High Level Forum on Combating Anti-Muslim Discrimination and Hatred (Press Summary)

Grove Harris represented the Temple of Understanding at this High Level Forum at the United Nations on January 17, 2017.

A few key themes were discussed throughout the day.

There was a clear recognition of the rise of anti-Muslim discrimination and hatred in many parts of the world. The global migration crisis, the rise of xenophobic movements, identity politics, the spread of violent extremist ideology, and terrorist attacks around the world, along with misinformation and negative stereotypes disseminated through various forms of media, have contributed to the challenge.

Many speakers underscored the connections between anti-Muslim discrimination and hatred and other forms of racism, xenophobia, and intolerance, including Antisemitism and anti-immigrant discrimination. In discussing possible solutions, there was broad recognition of the need to address all forms of discrimination and hatred, in particular on the basis of religion or belief, in all parts of the world by applying universal standards to provide equal protection to all individuals.

There was widespread consensus on the need for a concerted effort by all sectors of society to focus on solutions to this growing challenge. Three expert panels focused on key mechanisms to address this issue: i) Government Policies to Combat Anti-Muslim Discrimination and Hatred; ii) Civil Society Coalition-Building; and, iii) Positive Narratives to Promote Pluralism and Inclusion.

Read the full report >>

Grove took the opportunity to share Chicago Police Diversity Training Videos with Mr. Treene.  These online videos include an overarching one on Security, Diversity, Respect, as well as brief videos on the following traditions:

Sikhism (https://archive.org/details/gov.doj.ncj.212664.v1.3)
Buddhism (https://archive.org/details/gov.doj.ncj.212664.v1.4)
Islam (https://archive.org/details/gov.doj.ncj.212664.v1.5)
Judaism (https://archive.org/details/gov.doj.ncj.212664.v1.6)
Hinduism (https://archive.org/details/gov.doj.ncj.212664.v1.7)
Eastern Orthodox (https://archive.org/details/gov.doj.ncj.212664.v1.8)

TOU India: Interfaith Harmony and Dialogue Report, 2015-2016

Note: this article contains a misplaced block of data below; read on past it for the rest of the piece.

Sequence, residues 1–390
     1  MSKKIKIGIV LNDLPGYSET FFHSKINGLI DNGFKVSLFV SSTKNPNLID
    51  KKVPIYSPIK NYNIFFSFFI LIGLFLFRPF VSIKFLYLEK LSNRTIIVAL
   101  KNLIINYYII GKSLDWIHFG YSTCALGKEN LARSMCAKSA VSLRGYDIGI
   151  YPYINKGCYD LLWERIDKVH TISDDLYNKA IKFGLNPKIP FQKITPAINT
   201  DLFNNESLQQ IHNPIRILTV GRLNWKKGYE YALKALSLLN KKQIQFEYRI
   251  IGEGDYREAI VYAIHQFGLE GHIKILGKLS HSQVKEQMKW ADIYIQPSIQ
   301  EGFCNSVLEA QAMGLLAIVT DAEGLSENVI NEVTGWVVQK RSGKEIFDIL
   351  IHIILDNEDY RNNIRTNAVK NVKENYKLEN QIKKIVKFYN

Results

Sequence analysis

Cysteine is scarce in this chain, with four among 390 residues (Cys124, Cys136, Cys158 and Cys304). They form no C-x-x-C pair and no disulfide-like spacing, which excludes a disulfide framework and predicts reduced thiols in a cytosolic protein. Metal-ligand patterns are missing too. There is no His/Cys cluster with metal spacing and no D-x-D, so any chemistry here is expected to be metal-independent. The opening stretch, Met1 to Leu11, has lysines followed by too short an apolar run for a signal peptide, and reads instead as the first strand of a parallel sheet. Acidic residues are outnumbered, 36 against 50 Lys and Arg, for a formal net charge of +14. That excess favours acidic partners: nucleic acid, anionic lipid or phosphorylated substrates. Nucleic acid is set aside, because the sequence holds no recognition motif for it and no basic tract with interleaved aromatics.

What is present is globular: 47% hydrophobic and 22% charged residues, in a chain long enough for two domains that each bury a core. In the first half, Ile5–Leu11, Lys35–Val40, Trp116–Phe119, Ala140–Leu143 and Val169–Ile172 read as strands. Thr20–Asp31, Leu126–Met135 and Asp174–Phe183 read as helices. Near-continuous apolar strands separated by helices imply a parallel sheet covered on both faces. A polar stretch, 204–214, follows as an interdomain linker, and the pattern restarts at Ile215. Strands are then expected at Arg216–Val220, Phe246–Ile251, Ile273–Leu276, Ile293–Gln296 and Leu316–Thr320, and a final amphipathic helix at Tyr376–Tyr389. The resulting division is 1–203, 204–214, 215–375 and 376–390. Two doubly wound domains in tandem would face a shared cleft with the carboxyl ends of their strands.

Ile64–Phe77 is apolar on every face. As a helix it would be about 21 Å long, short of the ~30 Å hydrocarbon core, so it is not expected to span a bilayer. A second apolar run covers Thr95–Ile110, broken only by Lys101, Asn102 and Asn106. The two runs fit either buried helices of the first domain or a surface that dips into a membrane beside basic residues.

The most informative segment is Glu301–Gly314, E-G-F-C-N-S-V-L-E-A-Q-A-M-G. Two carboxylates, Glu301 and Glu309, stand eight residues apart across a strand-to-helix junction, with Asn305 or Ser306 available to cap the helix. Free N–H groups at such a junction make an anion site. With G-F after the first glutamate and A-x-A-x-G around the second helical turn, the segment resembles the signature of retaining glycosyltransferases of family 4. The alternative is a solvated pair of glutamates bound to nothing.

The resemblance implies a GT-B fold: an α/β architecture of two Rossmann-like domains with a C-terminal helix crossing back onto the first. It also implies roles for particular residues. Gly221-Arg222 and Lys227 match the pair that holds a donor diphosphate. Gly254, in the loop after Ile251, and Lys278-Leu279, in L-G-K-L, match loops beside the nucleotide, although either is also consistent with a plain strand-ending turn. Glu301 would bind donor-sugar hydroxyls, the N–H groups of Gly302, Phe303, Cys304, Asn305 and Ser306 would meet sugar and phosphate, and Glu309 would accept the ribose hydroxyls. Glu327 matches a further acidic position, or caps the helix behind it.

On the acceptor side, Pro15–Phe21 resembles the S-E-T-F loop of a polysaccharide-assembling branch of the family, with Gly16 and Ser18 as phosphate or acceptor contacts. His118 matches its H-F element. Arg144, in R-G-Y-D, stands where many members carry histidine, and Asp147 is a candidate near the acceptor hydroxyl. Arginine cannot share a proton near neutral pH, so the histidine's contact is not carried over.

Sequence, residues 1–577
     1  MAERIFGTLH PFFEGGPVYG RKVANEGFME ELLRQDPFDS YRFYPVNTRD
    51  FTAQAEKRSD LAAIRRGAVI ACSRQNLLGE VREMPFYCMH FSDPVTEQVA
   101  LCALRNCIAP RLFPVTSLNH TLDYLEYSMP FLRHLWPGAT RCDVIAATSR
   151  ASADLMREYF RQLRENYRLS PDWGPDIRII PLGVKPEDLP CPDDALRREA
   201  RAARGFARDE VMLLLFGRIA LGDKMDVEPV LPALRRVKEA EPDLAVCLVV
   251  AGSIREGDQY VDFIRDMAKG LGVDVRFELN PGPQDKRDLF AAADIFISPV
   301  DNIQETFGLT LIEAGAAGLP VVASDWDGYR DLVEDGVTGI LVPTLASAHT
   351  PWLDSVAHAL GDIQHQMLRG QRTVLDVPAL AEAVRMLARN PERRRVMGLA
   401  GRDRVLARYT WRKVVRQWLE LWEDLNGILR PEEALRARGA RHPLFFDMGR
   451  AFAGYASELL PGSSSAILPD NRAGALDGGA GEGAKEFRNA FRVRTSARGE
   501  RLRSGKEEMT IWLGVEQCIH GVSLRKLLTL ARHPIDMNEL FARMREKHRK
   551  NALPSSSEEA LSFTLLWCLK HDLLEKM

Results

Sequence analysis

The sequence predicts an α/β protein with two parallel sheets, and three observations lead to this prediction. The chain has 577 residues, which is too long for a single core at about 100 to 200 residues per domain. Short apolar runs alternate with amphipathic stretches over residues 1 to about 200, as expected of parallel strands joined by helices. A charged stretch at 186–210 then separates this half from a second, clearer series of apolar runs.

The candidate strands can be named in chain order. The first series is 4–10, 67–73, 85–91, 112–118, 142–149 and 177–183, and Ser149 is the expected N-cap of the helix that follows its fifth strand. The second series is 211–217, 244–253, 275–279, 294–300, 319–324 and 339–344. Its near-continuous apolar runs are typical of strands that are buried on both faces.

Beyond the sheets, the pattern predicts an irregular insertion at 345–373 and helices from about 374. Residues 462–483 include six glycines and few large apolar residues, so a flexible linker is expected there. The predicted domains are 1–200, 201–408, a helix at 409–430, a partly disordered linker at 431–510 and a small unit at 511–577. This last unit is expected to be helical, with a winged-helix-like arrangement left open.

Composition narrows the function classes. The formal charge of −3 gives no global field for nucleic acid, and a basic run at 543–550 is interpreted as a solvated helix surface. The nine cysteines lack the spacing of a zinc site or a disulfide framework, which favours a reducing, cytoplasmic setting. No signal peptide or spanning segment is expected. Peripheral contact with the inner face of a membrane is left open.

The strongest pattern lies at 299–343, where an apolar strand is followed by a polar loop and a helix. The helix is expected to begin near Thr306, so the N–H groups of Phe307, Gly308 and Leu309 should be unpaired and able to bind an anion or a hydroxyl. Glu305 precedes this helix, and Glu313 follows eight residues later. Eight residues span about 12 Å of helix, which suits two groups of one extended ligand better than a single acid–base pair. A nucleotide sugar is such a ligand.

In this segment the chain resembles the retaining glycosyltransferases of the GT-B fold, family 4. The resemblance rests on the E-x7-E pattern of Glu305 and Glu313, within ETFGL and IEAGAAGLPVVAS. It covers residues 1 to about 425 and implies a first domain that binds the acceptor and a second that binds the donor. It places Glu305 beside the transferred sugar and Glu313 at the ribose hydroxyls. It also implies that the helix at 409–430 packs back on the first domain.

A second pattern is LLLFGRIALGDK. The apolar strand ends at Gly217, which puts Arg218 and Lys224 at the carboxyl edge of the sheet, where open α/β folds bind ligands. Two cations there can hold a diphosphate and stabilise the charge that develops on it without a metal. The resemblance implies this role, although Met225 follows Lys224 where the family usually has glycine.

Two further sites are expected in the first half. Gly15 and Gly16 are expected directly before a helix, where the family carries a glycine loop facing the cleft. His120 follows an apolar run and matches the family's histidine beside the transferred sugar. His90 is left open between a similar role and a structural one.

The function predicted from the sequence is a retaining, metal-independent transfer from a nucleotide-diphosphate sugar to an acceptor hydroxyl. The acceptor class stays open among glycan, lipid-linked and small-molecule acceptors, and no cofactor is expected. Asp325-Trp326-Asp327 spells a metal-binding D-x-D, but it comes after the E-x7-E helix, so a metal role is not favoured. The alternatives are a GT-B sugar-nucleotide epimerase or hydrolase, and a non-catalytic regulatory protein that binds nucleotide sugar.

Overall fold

We pleased to share a report from our colleagues at Temple of UnderstandingIndia detailing their programs for 2015-2016. Highlights of TOUIndia’s activities include:

  • Participation in the Parliament of the World’s Religions themed “Reclaiming the Heart of Our Humanity” in October 2015
  • International Interfaith Dialogue on 9th January 2016 themed “The Influence of Religion on the Place of Women in Society,” jointly organized by Der Missionszentrale der Franziskaner, Bonn, Germany; the Center for Peace and Spirituality International; Temple of Understanding—India; and Bahá’í Community of India
  • Interfaith Dialogue for World Peace jointly organized by Temple of Understanding India and Focolare Movement on 20th January 2016 in honour of the visit of Madam Emmaus, President and Mr. Jesus Moran, Co-President of Focolare Movement
  • Round table Conference themed “Religion & Sustainable Development—Fostering Peaceful, Just and Inclusive Societies” on 23rd November 2016 in collaboration with Woolf Institute, Cambridge and Georgetown University, Qatar. Some 27 outstanding scholars, including members of the Advisory Council of Temple of Understanding India Foundation, were invited by TOUIndia founder/President Hon’ble Dr. Karan Singh for deliberations surrounding the 2030 Sustainable Development Goals and the contributions of religious communities towards their fulfillment.

For a full description of TOUIndia’s 2015-2016 interfaith harmony and dialogue programs, please read the full report.

Community Is the Key To It All: Moving Agriculture Forward with Blain Snipstal

Photo Credit: In These TimesVia The Domestic Fair Trade Association: